Jones K, Gordon-Weeks A, Coleman C, et al. Radiologically determined sarcopenia predicts morbidity and mortality following abdominal surgery: a systematic review and meta-analysis. World J Surg. 2017;41(9):2266–79.CrossRefPubMedPubMedCentralGoogle Scholar
  13. 13.
    Mei KL, Batsis JA, Mills JB, et al. Sarcopenia and sarcopenic obesity: do they predict inferior oncologic outcomes after gastrointestinal cancer surgery? Perioper Med. 2016;5:30.CrossRefGoogle Scholar
  14. 14.
    HAS. Obesite: prise en charge chirurgicale de l’adulte. Saint Denis (France): HAS edition. 2009:1–263. Epub HAS edition.Google Scholar
  15. 15.
    Voron T, Tselikas L, Pietrasz D, et al. Sarcopenia impacts on short- and long-term results of hepatectomy for hepatocellular carcinoma. Ann Surg. 2015;261(6):1173–83.CrossRefPubMedGoogle Scholar
  16. 16.
    Dindo D, Demartines N, Clavien PA. Classification of surgical complications: a new proposal with evaluation in a cohort of 6336 patients and results of a survey. Ann Surg. 2004;240(2):205–13.CrossRefPubMedPubMedCentralGoogle Scholar
  17. 17.
    Cruz-Jentoft AJ, Baeyens JP, Bauer JM, et al. Sarcopenia: European consensus on definition and diagnosis: Report of the European Working Group on Sarcopenia in Older People. Age Ageing. 2010;39(4):412–23.CrossRefPubMedPubMedCentralGoogle Scholar
  18. 18.
    Baumgartner RN, Koehler KM, Gallagher D, et al. Epidemiology of sarcopenia among the elderly in New Mexico. Am J Epidemiol. 1998;147(8):755–63.CrossRefPubMedGoogle Scholar
  19. 19.
    Park SH, Park JH, Song PS, et al. Sarcopenic obesity as an independent risk factor of hypertension. J Am Soc Hypertens: JASH. 2013;7(6):420–5.CrossRefPubMedGoogle Scholar
  20. 20.
    Hong HC, Hwang SY, Choi HY, et al. Relationship between sarcopenia and nonalcoholic fatty liver disease: the Korean Sarcopenic Obesity Study. Hepatology. 2014;59(5):1772–8.CrossRefPubMedGoogle Scholar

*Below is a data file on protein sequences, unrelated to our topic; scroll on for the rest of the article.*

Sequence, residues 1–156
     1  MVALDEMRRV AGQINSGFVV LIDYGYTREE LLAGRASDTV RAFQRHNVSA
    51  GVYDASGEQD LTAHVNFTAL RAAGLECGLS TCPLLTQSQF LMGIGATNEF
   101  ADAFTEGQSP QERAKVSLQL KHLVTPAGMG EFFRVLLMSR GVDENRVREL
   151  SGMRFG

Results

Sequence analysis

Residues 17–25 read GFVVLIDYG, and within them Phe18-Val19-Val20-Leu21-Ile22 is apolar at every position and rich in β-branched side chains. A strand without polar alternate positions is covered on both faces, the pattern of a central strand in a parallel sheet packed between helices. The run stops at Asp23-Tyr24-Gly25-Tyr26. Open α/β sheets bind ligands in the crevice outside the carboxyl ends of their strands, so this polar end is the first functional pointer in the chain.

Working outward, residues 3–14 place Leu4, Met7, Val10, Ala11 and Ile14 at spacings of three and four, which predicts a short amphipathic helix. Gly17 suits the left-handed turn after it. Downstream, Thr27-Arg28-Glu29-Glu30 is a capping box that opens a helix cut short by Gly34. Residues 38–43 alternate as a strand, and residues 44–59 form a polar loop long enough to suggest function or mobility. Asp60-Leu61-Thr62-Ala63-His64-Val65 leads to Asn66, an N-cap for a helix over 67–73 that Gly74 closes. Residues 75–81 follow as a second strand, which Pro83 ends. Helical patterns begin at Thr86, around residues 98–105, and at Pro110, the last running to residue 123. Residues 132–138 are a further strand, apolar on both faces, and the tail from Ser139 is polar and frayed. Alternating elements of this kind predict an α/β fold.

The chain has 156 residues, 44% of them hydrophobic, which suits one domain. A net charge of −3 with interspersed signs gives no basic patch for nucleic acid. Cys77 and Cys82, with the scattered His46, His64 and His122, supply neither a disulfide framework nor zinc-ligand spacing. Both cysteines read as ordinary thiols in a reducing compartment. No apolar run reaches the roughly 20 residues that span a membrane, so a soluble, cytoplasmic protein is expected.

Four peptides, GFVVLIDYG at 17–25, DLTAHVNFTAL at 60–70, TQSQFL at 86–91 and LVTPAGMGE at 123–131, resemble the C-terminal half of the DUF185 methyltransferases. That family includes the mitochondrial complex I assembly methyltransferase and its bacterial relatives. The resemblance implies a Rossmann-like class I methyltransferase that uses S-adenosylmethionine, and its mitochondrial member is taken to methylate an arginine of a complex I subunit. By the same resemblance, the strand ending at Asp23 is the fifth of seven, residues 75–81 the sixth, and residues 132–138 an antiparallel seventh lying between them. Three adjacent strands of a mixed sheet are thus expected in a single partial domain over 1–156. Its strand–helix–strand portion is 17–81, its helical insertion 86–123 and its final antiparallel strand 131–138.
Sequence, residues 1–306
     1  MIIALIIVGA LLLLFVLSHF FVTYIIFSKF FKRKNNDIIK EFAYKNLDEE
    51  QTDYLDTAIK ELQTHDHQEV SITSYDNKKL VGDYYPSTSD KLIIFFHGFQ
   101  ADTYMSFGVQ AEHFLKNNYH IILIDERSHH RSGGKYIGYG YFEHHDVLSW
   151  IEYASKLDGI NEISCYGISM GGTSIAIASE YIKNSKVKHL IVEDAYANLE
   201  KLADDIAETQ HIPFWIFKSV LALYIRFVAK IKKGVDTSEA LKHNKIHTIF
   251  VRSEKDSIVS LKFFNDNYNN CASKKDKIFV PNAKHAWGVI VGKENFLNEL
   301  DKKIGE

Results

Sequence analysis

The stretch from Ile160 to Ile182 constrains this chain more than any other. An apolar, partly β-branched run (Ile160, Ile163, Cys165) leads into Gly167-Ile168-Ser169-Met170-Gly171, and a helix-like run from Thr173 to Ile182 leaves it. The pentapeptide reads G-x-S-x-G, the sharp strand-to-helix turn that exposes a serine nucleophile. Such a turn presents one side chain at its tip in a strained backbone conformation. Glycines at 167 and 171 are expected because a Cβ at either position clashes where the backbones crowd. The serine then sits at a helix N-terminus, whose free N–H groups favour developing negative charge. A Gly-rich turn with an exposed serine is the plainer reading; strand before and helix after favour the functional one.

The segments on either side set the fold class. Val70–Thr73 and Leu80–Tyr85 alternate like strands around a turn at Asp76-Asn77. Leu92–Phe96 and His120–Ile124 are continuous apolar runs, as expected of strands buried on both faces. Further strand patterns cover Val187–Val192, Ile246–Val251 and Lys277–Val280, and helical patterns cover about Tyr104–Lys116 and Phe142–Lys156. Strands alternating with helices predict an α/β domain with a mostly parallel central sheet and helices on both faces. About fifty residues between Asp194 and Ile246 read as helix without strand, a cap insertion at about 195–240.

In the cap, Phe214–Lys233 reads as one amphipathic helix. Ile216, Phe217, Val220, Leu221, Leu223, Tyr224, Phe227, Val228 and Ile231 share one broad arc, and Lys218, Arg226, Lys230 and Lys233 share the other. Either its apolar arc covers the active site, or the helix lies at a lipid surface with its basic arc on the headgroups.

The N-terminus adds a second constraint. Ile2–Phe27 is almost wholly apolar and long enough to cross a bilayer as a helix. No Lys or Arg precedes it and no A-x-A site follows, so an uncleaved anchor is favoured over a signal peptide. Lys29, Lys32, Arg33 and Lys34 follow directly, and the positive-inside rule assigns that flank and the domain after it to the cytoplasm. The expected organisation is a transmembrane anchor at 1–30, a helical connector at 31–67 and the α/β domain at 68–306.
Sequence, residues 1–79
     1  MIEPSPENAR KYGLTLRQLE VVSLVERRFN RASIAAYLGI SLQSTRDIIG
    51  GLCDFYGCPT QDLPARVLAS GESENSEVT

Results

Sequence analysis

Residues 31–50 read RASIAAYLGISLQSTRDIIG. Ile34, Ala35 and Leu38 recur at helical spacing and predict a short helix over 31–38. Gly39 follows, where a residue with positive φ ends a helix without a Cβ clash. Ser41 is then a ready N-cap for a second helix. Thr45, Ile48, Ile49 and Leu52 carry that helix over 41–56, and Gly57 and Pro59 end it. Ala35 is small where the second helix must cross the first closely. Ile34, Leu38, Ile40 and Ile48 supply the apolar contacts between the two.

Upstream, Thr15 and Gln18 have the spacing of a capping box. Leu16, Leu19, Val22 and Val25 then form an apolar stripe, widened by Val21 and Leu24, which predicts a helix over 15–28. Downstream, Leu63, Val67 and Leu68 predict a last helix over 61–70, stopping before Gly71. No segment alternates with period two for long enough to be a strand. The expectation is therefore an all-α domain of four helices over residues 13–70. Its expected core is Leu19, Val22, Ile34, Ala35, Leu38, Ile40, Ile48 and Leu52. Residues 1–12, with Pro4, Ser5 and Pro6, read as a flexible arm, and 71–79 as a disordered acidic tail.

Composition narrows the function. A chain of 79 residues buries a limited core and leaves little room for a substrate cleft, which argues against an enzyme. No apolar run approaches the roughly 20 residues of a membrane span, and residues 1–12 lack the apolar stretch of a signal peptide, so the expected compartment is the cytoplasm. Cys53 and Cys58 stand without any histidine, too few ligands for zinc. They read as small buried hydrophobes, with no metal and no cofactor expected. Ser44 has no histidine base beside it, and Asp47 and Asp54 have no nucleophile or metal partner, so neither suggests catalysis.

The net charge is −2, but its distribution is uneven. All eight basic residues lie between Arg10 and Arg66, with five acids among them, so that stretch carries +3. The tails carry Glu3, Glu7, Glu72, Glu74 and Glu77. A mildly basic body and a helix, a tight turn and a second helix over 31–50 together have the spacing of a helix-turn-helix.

21. 21.
    Batsis JA, Barre LK, Mackenzie TA, et al. Variation in the prevalence of sarcopenia and sarcopenic obesity in older adults associated with different research definitions: dual-energy X-ray absorptiometry data from the National Health and Nutrition Examination Survey 1999-2004. J Am Geriatr Soc. 2013;61(6):974–80.CrossRefPubMedGoogle Scholar
  22. 22.
    Batsis JA, Mackenzie TA, Jones JD, et al. Sarcopenia, sarcopenic obesity and inflammation: results from the 1999-2004 National Health and Nutrition Examination Survey. Clin Nutr. 2016;35(6):1472–83.CrossRefPubMedGoogle Scholar
  23. 23.
    Heber D, Ingles S, Ashley JM, et al. Clinical detection of sarcopenic obesity by bioelectrical impedance analysis. Am J Clin Nutr. 1996;64(3 Suppl):472S–7S.CrossRefPubMedGoogle Scholar
  24. 24.
    Prado CM, Lieffers JR, McCargar LJ, et al. Prevalence and clinical implications of sarcopenic obesity in patients with solid tumours of the respiratory and gastrointestinal tracts: a population-based study. Lancet Oncol. 2008;9(7):629–35.CrossRefPubMedGoogle Scholar
  25. 25.
    Yang YX, Chong MS, Lim WS, et al. Validity of estimating muscle and fat volume from a single MRI section in older adults with sarcopenia and sarcopenic obesity. Clin Radiol. 2017;72(5):427 e9–e14.CrossRefGoogle Scholar
  26. 26.
    Mitsiopoulos N, Baumgartner RN, Heymsfield SB, et al. Cadaver validation of skeletal muscle measurement by magnetic resonance imaging and computerized tomography. J Appl Physiol. 1998;85(1):115–22.CrossRefPubMedGoogle Scholar
  27. 27.
    Cunningham-Rundles S, McNeeley DF, Moon A. Mechanisms of nutrient modulation of the immune response. J Allergy Clin Immunol. 2005;115(6):1119–28. quiz 29CrossRefPubMedGoogle Scholar
  28. 28.
    Huang R, Gagner M. A thickness calibration device is needed to determine staple height and avoid leaks in laparoscopic sleeve gastrectomy. Obes Surg. 2015;25(12):2360–7.CrossRefPubMedPubMedCentralGoogle Scholar
  29. 29.
    Theodorakopoulos C, Jones J, Bannerman E, et al. Effectiveness of nutritional and exercise interventions to improve body composition and muscle strength or function in sarcopenic obese older adults: a systematic review. Nutr Res. 2017;43:3–15.CrossRefPubMedGoogle Scholar
  30. 30.
    Poggiogalle E, Migliaccio S, Lenzi A, et al. Treatment of body composition changes in obese and overweight older adults: insight into the phenotype of sarcopenic obesity. Endocrine. 2014;47(3):699–716.CrossRefPubMedGoogle Scholar
  31. 31.
    Molfino A, Amabile MI, Rossi Fanelli F, et al. Novel therapeutic options for cachexia and sarcopenia. Expert Opin Biol Ther. 2016;16(10):1239–44.CrossRefPubMedGoogle Scholar

Copyright information

© Springer Science+Business Media, LLC, part of Springer Nature 2018

Authors and Affiliations

  1. 1.Department of Minimally Invasive Digestive SurgeryAntoine Béclère Hospital, AP-HPClamartFrance
  2. 2.Paris-Sud UniversityOrsayFrance
  3. 3.Department of RadiologyAntoine Béclère Hospital, AP-HPClamartFrance
  4. 4.Department of Hepato-Gastroenterology and NutritionAntoine Béclère Hospital, AP-HPClamartFrance

Personalised recommendations